Asian Insider

Who will be in China’s next leadership line-up?

The twice-in-a-decade National Congress of the Communist Party of China may be a year away, but party leaders have been deliberating a new succession system behind closed doors and honing in on who will make the cut. The Straits Times China Bureau looks at who could be in and who could be out.

China's President Xi Jinping mulling over new succession system to pick heir

For centuries, succession politics have plagued China, and it was not uncommon in ancient times for an emperor to depose an erring or errant designated heir and name a new crown prince.

But it was often a last resort and politically destabilising to any dynasty.

Things have changed little since the Communist Party of China (CPC) swept to power in its 1949 revolution.


Who China's next premier will be hinges on the 'seven up, eight down' rule

In February 2001, then Chinese President Jiang Zemin confided in visiting then Canadian Prime Minister Jean Chretien that he would not retire at the 16th congress of the Communist Party of China the following year.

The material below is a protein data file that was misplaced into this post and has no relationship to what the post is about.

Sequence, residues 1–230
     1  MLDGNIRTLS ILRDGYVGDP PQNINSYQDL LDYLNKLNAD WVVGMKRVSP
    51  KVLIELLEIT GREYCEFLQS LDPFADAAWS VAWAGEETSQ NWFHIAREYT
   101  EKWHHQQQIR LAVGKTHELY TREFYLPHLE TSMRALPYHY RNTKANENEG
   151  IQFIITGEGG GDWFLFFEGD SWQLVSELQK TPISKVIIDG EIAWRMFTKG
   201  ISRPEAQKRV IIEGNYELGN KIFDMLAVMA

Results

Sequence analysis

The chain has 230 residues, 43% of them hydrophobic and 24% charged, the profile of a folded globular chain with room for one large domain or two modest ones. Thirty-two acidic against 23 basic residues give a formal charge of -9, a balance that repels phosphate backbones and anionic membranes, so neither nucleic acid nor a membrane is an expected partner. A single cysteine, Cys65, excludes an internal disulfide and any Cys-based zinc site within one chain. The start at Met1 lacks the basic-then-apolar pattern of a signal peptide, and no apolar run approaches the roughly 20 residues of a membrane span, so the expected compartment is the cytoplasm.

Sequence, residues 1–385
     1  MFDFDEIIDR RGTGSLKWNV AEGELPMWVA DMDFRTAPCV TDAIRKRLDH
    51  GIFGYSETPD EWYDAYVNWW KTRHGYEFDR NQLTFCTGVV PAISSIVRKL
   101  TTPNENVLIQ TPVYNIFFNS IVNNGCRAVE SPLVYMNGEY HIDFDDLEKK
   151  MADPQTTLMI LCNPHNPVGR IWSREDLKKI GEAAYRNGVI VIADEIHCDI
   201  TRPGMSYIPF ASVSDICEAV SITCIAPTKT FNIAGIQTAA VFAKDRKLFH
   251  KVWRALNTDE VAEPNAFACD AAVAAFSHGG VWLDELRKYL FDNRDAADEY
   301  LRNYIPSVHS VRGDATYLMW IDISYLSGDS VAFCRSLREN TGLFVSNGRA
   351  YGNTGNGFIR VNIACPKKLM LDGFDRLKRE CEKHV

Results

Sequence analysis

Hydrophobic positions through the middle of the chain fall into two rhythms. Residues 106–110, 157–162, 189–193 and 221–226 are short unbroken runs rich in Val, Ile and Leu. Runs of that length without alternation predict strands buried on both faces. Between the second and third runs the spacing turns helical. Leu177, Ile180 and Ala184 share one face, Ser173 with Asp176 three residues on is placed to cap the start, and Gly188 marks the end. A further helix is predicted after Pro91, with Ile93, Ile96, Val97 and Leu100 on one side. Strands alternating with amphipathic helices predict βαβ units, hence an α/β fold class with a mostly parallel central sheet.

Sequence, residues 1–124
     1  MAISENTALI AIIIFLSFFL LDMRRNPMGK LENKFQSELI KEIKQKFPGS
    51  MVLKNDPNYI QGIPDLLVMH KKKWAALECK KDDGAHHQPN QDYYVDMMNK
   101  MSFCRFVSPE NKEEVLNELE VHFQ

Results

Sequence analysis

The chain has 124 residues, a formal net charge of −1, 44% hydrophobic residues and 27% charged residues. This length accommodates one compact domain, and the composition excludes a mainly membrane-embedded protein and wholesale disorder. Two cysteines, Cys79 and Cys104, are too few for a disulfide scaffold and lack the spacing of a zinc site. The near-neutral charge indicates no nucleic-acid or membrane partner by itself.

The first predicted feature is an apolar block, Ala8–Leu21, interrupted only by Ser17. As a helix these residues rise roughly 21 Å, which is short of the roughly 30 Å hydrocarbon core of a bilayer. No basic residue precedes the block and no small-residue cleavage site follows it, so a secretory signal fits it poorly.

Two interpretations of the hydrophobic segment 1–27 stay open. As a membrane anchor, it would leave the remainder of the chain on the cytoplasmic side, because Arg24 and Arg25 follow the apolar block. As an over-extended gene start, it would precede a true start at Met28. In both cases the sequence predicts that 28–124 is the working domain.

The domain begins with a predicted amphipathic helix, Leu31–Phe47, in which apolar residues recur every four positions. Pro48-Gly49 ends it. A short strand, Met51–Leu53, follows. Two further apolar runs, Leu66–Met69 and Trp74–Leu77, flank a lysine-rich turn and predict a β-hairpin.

Mr Jiang, then 74, was toying with the idea of clinging on to his top-ranking seat in the party's seven-member Politburo Standing Committee - the apex of power in China - and as party general secretary at the conclave in 2002.

But his long-time rival, Mr Li Ruihuan, ranked fourth in the committee, upset Mr Jiang's plan, insisting that he would retire only if the latter steps down.


The rising stars of Chinese politics

Eleven of the 25 members of the Politburo of the Communist Party of China (CPC) will have to retire at the party's 20th congress in 2022, barring a change to the unwritten retirement age rule.

It remains to be seen if President Xi Jinping, who doubles as party and military chief, will bend the "seven up, eight down" rule, which dictates that politicians aged 67 or younger are eligible to stay on or join the Politburo and Politburo Standing Committee, while incumbent members aged 68 or older are disqualified.

The Politburo - the CPC's decision-making body - is ranked one notch below the seven-member Standing Committee, the apex of power in China.


Women high-fliers in Chinese politics

Mao Zedong once declared "women hold up half the sky", but the glass ceiling is too high to break in China's elite politics.

When the Communist Party of China (CPC) undergoes a leadership reshuffle during its 20th congress in the autumn of 2022, things will not be much different; it will still be a men's club.

The CPC's outgoing 19th Central Committee has 204 full members, but only 10 of them are women.


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